A lot has changed in the Harlem world of cinema in recent decades. All the single-room cinemas have disappeared: the Lido (Houtplein), Frans Hals (Frans Halsplein), Luxor (Grote Houtstraat), Studio and Rembrandt (Grote Markt) and the Cinema Palace (Grote Houtstraat) dating from 1915. It has drastically changed the nightlife scene in the city centre of Haarlem.
What’s now striking are the film-teams that regularly appear. Haarlem has been a popular filming location since the 1970’s. TV series’ like Levenslied and Divorce, numerous commercials and films including Vet hard, De aanslag and Het meisje met het rode haar were filmed there. Even Brad Pitt and George Clooney stood on a platform of Haarlem station, which was supposed to be Amsterdam CS. All this film activity is reminiscent of the 1910’s and 1920’s, when Haarlem also seemed to be the centre of the Dutch film world. Cameramen, actors and décor builders walked back and forth in the Filmfabriek Hollandia at the Spaarne, where dozens of movies were created; Haarlem actresses like Annie Bos achieved star-status. Soon afterwards the city became the home of the notorious Polygoon news and of the experimental filmmaker J.C. Mol, whose products even caused a stir in the cinemas of Paris. Much later, the Haarlem animation filmmaker Gerrit van Dijk won a Golden Bear and the Haarlem producer Cilia van Dijk won an Oscar.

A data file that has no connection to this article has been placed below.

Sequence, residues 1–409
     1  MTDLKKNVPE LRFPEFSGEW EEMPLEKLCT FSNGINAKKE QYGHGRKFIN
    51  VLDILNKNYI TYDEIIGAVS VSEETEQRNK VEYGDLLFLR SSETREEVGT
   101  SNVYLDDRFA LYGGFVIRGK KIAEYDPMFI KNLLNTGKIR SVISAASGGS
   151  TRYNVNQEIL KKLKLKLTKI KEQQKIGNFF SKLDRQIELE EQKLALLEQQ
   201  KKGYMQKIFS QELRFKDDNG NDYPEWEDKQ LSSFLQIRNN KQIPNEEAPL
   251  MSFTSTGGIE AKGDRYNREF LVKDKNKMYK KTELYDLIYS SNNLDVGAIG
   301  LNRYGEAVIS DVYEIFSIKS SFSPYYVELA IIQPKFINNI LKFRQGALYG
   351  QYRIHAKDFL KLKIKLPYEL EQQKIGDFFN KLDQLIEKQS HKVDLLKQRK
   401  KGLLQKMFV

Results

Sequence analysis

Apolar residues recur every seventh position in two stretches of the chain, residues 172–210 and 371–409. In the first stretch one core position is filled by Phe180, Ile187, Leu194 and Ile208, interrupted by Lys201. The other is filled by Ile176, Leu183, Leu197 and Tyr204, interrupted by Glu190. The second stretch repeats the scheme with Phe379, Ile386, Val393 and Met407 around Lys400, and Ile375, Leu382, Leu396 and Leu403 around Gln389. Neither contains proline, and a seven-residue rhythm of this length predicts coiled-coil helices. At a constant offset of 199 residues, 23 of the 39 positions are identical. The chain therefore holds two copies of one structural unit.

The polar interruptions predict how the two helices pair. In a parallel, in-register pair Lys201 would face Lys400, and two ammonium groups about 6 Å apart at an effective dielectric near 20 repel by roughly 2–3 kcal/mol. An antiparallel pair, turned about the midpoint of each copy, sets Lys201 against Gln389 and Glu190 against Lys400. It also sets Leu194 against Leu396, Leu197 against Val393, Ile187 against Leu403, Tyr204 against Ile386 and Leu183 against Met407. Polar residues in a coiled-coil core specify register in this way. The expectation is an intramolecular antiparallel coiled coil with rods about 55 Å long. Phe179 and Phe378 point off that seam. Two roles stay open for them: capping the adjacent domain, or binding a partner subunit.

Haarlem film city is the first book about cinema life and the activities of all those famous and lesser-known studios, filmmakers and stars from the city and the Spaarne.
text Rommy Albers (Eye Filmmuseum), Soeluh van den Berg (Eye Filmmuseum), Jan Dekker, Peter Hammann, Harry Hosman, Henk Maurits, Mette Peters (Eye Filmmuseum), Hans van der Straaten, Els Vogel, Peter Voskuil, Inge de Wilde, Paul van Yperen
editing Harry Hosman en Arie Vestering